It is important to remember that no-fault divorce does not completely remove the possibility of conflict during the process.

While there is no longer the need to blame each other for causing the divorce, there is still scope for disputes, particularly over finances and childcare.

If you can't agree on a financial settlement or child custody, and need to ask the <bloglink>family law courts<bloglink> to decide, this will significantly increase the divorce timeline.

How Much Does a No-Fault Divorce Cost?

While there is no definitive answer to how much a <bloglink>divorce costs<bloglink>, there are two separate elements to consider:

  1. The no-fault divorce process, and;
  2. The <bloglink>divorce financial settlement.<bloglink>

People often don't realise that these are two separate processes.

The divorce settlement vs the divorce process

While many family law firms or online divorce services will offer a fixed fee for the divorce process, the core issue is that you still must agree on a divorce settlement with your partner.

If you can agree the divorce settlement, then a fixed cost divorce from a solicitor can be somewhere between £750 to £1500, while an online only service can be cheaper; in the region of £300 to £500. The spouse making the application will also need to pay the court fee of £593.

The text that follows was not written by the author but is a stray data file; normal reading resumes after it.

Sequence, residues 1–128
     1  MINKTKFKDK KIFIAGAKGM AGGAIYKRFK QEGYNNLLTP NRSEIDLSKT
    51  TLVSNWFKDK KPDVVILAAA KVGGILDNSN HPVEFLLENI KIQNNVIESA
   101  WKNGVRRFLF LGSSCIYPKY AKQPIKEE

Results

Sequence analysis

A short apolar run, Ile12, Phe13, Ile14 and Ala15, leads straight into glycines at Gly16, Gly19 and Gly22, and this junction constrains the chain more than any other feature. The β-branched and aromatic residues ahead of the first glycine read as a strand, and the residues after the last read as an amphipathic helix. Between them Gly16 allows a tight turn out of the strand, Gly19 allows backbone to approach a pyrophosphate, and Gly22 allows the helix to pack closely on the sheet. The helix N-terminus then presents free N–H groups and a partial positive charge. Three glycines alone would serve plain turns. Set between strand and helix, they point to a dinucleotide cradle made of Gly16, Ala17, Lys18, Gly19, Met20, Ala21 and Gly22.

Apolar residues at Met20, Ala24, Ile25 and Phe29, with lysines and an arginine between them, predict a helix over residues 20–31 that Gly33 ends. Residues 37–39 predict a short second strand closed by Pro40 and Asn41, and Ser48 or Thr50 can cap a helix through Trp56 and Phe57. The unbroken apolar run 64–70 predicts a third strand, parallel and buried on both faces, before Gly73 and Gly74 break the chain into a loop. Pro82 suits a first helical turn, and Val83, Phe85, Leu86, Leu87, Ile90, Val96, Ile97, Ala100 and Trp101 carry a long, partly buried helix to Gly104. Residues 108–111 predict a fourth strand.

However, if you can't agree your divorce financial settlement (such as what happens to the <bloglink>family home<bloglink>, or how to divide your savings etc), then you may need to go to court, which will significantly increase the costs.

Can A No-Fault Divorce Be Contested?


Under the non-fault divorce procedure, a spouse <bloglink>can no longer contest<bloglink> (object to) the divorce happening.

In short, if one of you wants to get divorced, the other partner cannot stop it.

A family law court room
You can no longer go to court to stop your divorce from happening.

However, this does not apply to other elements of the divorce, such as the financial settlement, child custody arrangements, or <bloglink>spousal support.<bloglink> These can still be objected to, and challenged in court if necessary.

Note: You can also still challenge the divorce on the grounds that <bloglink>the marriage was never valid<bloglink> to begin with.

What Are The Benefits Of No-Fault Divorce Law?

The key benefit of no-fault divorce law is that it removes the need to apportion blame, helping to make the process more amicable and less confrontational. This can be particularly important when considering the best interests of any children involved, as it minimises the stress they experience and allows them to continue to have a relationship with both parents.